Getting answers

Amy underwent various neurology and cardiology tests, but says doctors couldn’t find any cause.

She said: “One day I collapsed while walking home from the supermarket, and when I came round I was in agony, I thought I’d been hit by a car.

"It transpired that during my seizure I’d cracked a rib on the pavement.”

But she says that it wasn’t until November 2018 – four years after having the procedure, that she finally got some answers.

She said: “I requested my medical notes and found that I’d been fitted with an implant called Essure Permanent Birth Control.

“Immediately we started Googling it.”

Chris added: “I couldn’t believe my eyes when I started reading about it online. I found a long list of side effects, including pain, bloating and seizures – basically everything Amy had been experiencing.

“Some patients had allergic reactions to the nickel or other components in Essure.

"We now think that’s what caused Amy’s seizures.”

The only way to fully remove an Essure implant once it’s been fitted is a hysterectomy operation, which Amy had in July.

Since the surgery she says her symptoms are finally beginning to ease.

Essure changed everything, it ruined my life. I want to warn other women not to touch the implants with a 10-foot barge pole

Now she has written letters to her local NHS Trust, the health ombudsman and MPs calling for more support for women affected.

She said: “Essure changed everything, it ruined my life. I want to warn other women not to touch the implants with a 10-foot barge pole.

“They have stopped offering the implants currently; but I’m worried they might start again.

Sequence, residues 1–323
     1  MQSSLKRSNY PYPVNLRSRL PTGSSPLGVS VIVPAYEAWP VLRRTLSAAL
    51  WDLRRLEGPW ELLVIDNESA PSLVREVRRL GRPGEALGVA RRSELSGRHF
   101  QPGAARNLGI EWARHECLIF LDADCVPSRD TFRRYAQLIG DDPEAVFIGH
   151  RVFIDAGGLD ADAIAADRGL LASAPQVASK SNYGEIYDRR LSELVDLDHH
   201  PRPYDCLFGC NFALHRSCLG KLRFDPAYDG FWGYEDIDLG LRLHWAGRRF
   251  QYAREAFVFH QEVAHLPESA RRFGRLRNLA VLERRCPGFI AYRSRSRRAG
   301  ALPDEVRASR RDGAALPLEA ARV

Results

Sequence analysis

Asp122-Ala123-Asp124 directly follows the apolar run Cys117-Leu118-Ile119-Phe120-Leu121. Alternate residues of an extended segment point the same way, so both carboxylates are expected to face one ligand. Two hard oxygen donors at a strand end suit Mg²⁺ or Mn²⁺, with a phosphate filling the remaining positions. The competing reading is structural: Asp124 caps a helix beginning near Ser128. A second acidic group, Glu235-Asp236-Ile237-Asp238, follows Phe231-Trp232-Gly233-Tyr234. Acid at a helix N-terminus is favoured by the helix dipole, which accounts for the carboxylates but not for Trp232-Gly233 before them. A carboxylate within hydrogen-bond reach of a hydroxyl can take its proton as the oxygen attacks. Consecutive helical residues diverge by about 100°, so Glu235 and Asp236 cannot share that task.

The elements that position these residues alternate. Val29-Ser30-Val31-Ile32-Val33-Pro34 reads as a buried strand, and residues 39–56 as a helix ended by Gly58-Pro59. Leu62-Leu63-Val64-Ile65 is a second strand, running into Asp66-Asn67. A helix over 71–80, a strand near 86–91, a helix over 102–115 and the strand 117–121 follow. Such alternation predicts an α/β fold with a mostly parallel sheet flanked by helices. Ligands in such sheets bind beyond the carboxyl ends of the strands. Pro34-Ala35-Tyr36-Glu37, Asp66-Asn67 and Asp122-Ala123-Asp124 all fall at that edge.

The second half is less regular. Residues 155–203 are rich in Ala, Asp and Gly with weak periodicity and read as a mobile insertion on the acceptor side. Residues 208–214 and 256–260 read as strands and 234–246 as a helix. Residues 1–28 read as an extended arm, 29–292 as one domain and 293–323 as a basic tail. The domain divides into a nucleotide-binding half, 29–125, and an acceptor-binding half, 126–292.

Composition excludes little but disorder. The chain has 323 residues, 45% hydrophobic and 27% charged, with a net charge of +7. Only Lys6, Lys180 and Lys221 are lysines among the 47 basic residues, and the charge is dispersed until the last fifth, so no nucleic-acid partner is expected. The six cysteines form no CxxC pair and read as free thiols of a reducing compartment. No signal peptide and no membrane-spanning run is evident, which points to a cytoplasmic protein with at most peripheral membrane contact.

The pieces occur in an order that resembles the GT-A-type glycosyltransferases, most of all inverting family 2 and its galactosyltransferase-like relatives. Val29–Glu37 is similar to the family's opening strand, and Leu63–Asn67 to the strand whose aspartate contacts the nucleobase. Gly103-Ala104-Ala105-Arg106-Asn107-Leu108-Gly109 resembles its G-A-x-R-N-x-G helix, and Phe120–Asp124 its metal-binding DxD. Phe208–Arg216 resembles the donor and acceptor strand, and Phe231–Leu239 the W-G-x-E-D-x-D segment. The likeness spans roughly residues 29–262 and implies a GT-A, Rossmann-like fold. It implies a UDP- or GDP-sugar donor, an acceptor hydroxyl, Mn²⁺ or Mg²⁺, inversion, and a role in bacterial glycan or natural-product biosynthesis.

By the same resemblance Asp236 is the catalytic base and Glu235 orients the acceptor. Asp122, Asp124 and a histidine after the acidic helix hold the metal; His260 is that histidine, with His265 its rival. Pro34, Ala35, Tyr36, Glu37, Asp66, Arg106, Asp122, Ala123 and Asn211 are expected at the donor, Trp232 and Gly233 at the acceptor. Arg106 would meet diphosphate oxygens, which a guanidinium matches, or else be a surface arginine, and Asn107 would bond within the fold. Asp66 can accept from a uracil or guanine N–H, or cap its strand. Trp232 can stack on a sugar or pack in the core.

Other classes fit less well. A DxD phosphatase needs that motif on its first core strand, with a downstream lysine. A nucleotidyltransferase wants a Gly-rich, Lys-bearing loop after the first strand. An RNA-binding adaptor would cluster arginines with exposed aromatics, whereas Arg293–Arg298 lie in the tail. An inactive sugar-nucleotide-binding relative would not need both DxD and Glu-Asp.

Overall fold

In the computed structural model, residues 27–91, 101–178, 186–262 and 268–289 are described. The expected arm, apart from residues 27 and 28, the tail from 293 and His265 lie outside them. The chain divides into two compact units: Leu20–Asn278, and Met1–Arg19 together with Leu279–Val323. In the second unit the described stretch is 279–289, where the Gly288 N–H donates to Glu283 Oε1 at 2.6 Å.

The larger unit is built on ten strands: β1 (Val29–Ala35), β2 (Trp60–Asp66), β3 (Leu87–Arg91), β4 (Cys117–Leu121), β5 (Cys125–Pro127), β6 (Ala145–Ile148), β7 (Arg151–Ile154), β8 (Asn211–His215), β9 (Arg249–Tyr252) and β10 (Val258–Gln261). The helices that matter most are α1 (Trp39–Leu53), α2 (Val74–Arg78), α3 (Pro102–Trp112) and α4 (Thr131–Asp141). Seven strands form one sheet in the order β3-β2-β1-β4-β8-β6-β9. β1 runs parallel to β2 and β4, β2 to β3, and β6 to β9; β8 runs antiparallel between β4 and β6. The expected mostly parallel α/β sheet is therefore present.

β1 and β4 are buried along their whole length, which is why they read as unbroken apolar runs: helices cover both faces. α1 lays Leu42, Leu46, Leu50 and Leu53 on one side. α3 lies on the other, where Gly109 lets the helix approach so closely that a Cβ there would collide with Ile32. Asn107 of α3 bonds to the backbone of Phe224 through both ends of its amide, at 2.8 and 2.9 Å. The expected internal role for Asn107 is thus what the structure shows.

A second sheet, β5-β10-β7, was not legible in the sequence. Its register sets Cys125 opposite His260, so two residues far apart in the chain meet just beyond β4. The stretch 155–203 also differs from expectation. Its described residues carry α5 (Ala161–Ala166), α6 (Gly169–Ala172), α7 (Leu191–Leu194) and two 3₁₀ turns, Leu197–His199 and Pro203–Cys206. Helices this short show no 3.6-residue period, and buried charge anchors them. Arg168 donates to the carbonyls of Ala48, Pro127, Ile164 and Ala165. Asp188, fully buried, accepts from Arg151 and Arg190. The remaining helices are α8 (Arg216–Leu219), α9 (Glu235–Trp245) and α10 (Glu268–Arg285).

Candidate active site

"I also think there needs to be more support for women out there who already have them fitted.”

The makers of Essure, Bayer, told the Sun: “Bayer made a business decision to voluntarily discontinue sales and distribution of Essure in countries outside of the United States in Spring of 2017 (including the UK and all of Europe) and in the United States the sales and distribution of the product ceased after 31st December 2018.
“The commercial decision to discontinue was not connected to product quality or safety issues.

"The benefit-risk profile for Essure has not changed, and we continue to stand behind the product’s safety and efficacy, which are demonstrated by an extensive body of research, undertaken by Bayer and independent medical researchers, involving more than 200,000 women over the past two decades.
“Women who currently have Essure in place can continue to safely use the device and should have no concern based on this decision.

"If a woman with Essure has concerns or questions about the device she should discuss these with her Healthcare Professional.”

However, the firm has also admitted that some patients had reported “adverse events” including pain and “allergic or hypersensitivity reactions” – and that the only way to remove the device was via a surgical procedure.

The NHS Trust overseeing Amy’s care told The Sun: “The South Eastern HSC Trust is not in a position to comment on individual cases, but can confirm that we have responded on several occasions to Ms Speers in relation to complaints submitted to our Patient Liaison Team.”